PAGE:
Harper Reminds Credit Unions About Cyber Reporting Rule

Learn what NCUA Chairman Todd Harper had to say about a cyber incident reporting rule for credit unions set to go into effect in September.

David Baumann


Aug 15



View all posts by 

David Baumann

Articles Posted by

David Baumann

A squiggly pink arrow pointing downward and to the right.

NCUA Chairman outlines notification requirements ahead of implementation next month.

Starting Sept. 1, all federally insured credit unions will be required to notify the NCUA within 72 hours after the institution believes it has suffered a cyber incident or is notified by a third party regarding a cyber incident, NCUA Chairman Todd Harper reiterated Monday.

In a letter to credit union officials, Harper reminded them that the NCUA had adopted the final cyber rule in February.

Defining a ‘Cyber Incident’

Harper explained that the notification rule defines a cyber incident as “an occurrence that actually or imminently jeopardizes, without lawful authority, the integrity, confidentiality, or availability of information on an information system or actually or imminently jeopardizes, without lawful authority, an information system.”

He added that the definition has two prongs. The first requires a federally insured credit union to report an incident that “leads to a substantial loss of confidentiality, integrity, or availability of a member information system as a result of the exposure of sensitive data, disruption of vital member services, or has a serious impact on the safety and resiliency of operational systems and processes.”

The second prong requires reporting to the NCUA when a cyber attack disrupts business operations, vital member services or a member information system.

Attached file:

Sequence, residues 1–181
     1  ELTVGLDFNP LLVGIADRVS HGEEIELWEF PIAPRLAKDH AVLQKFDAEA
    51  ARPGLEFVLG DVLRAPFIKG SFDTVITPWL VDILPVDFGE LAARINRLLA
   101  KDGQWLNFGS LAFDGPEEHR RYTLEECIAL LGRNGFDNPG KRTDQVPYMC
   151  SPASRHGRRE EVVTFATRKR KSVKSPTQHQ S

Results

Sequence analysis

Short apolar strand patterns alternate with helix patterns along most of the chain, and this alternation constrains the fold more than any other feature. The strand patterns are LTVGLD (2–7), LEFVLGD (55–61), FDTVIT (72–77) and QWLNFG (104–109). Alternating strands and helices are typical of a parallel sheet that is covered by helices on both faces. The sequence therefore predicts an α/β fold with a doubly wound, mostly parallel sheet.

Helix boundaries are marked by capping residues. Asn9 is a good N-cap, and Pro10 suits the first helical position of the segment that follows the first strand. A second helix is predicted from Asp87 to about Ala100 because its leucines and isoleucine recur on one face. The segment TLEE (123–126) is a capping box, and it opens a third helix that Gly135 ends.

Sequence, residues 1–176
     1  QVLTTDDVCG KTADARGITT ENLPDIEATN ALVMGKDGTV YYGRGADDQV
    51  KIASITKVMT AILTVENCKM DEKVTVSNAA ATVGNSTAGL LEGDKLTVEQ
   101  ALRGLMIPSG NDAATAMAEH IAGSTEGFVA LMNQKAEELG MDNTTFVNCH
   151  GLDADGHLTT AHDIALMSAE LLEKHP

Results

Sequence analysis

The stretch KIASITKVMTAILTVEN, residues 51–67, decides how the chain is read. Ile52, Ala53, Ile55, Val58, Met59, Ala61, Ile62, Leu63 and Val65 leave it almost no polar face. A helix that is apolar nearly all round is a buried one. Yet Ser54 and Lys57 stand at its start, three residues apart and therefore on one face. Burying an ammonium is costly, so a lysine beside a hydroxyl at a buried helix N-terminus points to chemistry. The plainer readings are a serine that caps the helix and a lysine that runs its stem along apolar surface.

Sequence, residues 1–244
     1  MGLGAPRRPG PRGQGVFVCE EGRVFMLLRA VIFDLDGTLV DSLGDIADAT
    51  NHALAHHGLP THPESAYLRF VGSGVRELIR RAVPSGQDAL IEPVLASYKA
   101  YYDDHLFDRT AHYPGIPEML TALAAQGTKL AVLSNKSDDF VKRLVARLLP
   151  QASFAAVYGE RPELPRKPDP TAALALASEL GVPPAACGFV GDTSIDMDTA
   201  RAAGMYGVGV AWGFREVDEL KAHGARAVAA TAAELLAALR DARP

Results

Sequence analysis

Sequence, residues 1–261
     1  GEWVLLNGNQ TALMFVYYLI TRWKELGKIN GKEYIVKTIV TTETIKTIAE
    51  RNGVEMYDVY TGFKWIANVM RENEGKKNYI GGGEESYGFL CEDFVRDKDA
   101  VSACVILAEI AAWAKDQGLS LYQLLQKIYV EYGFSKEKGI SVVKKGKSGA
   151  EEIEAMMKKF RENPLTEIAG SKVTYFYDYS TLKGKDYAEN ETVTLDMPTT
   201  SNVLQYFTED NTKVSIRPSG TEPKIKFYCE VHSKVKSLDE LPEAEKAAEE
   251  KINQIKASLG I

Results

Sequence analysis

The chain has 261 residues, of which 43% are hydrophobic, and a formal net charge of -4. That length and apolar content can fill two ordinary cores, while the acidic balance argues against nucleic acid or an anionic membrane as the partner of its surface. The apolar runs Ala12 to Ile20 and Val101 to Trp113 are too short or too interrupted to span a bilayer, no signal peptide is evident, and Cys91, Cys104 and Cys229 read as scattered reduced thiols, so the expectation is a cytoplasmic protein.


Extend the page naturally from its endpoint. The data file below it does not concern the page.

The letter does note, however, that there are legitimate reasons why services may not be available, such as the maintenance of computer servers, and such events are routine.

Backstory and Context

In a speech to the Defense Credit Union Council earlier this month, Harper renewed his plea for Congress to grant the NCUA additional powers to monitor cyber vulnerabilities.

The NCUA currently does not have the authority to examine or monitor credit union third-party service providers, a power the other federal banking regulators do possess.

“This growing regulatory blind spot in the financial system threatens our nation’s economic security, poses risks for the financial well-being of our citizens—and more immediately—potentially threatens the reserves of the NCUA’s Share Insurance Fund, should the problems and losses at a vendor lead to the collapse and failure of a credit union,” he told the council.

NCUA officials have been seeking that power for the past several years, however Congress has yet to enact legislation granting the agency such authority.

Other federal agencies, including the Government Accountability Office and the NCUA’s own Inspector General, have said that the NCUA should have power over vendors, as it once did before the authority expired.

“Restoring the NCUA’s authority over CUSOs and third-party vendors will bolster our nation’s national economic security, and it will save us all time and money in the long term. That’s just good business,” Harper continued in the speech. “And, from a customer service standpoint, it will give credit union members the same protection that bank customers enjoy, which they deserve.”

Pushback from CU Trade Groups

However, credit union trade groups traditionally have opposed giving the NCUA the added authority, saying, among other things, that the agency would have to hire new employees with expertise to conduct cyber examinations at vendors.

That, they have said, would result in an increase in the agency’s budget and, in turn, an increase in the fees paid by credit unions.


No items found.